Between the wars, rather confusingly, Barclay Perkins brewed two strengths of Russian Stout, called, in the Brewhouse, IBS and IBS Ex, the latter being the strong one. I’m not quite sure what was sold where. But, looking at wartime price lists, it looks like the strong version was being sold in Barclay’s pubs.
How do I come to this conclusion? I looked at Best Stout, which I know the OG of: 1041.5º. In 1943 it cost 13.5d per pint. While Russian Stout was 33d. Assuming that the two beers costed the same per gravity point, that would give Russian Stout a gravity of 1101º. That is, full strength.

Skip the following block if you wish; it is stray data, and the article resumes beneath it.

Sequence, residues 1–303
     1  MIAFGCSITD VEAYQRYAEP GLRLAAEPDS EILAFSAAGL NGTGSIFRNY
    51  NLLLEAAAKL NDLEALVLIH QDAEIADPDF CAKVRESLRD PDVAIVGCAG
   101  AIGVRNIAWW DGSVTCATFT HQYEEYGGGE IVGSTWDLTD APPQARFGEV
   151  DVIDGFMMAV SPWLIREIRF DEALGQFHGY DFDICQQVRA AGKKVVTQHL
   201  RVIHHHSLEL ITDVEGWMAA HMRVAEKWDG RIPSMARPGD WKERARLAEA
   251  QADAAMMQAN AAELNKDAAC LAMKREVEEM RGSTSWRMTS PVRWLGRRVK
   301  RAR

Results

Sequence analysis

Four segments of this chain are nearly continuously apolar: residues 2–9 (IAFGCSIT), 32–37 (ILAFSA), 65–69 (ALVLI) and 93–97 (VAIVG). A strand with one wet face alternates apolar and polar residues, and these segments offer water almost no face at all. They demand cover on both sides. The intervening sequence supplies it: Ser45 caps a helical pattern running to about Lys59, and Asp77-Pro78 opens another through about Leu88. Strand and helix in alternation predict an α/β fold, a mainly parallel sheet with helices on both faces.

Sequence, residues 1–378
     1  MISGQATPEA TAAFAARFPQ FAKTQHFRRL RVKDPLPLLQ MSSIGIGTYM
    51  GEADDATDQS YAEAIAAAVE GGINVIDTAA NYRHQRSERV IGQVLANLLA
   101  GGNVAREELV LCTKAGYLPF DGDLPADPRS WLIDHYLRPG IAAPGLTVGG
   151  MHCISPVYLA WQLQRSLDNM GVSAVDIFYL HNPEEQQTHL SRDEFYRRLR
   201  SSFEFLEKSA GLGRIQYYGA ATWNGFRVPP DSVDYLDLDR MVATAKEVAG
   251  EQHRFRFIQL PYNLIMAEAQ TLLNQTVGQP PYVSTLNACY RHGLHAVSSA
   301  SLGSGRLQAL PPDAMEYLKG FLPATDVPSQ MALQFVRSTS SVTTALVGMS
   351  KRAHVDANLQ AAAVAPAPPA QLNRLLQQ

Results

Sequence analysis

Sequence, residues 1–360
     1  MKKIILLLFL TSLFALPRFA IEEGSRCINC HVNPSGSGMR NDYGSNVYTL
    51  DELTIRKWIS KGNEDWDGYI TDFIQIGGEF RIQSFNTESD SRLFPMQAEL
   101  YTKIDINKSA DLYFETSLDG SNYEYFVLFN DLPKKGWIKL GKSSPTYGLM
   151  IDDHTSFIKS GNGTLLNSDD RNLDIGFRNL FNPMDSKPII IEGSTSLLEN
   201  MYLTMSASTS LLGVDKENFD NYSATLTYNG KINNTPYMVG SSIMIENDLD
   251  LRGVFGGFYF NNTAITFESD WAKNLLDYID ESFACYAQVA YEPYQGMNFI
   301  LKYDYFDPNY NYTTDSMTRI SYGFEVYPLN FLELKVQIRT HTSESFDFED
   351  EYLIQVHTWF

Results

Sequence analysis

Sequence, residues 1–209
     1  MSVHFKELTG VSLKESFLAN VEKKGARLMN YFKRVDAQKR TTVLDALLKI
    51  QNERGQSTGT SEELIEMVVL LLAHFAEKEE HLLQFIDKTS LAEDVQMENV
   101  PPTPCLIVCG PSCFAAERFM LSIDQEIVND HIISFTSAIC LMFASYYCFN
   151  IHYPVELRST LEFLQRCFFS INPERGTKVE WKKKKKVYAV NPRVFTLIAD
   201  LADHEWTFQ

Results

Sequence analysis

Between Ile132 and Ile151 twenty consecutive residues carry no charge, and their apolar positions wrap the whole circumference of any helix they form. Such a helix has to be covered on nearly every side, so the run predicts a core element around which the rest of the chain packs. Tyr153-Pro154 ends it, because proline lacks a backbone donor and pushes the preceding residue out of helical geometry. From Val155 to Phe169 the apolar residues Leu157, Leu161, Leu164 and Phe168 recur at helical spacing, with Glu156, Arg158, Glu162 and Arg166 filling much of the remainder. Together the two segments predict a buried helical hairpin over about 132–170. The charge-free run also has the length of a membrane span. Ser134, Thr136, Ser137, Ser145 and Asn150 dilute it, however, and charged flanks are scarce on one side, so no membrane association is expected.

Should you want to recreate that version, just double all the quantities given in the recipe below.
The recipe is the same as their other Stouts, with four different malts, two adjuncts and three types of sugar. One of those sugars – lactose – is slightly odd to find in an Imperial Stout. But that’s probably because some of the London Stout with which it was parti-gyled was being sold as Milk Stout.
|1940 Barclay Perkins Imperial Russian Stout|
|mild malt||5.50 lb||42.72%|
|brown malt||0.75 lb||5.83%|
|amber malt||1.25 lb||9.71%|
|crystal malt 60 L||0.75 lb||5.83%|
|roast barley||1.25 lb||9.71%|
|flaked rice||1.25 lb||9.71%|
|No. 3 invert sugar||1.75 lb||13.59%|
|caramel 1000 SRM||0.125 lb||0.97%|
|Fuggles 120 mins||1.50 oz|
|Fuggles 60 mins||1.25 oz|
|Fuggles 30 mins||1.25 oz|
|Mash at||142º F|
|After underlet||149º F|
|Sparge at||172º F|
|Boil time||120 minutes|
|pitching temp||60.5º F|
|Yeast||Wyeast 1099 Whitbread ale|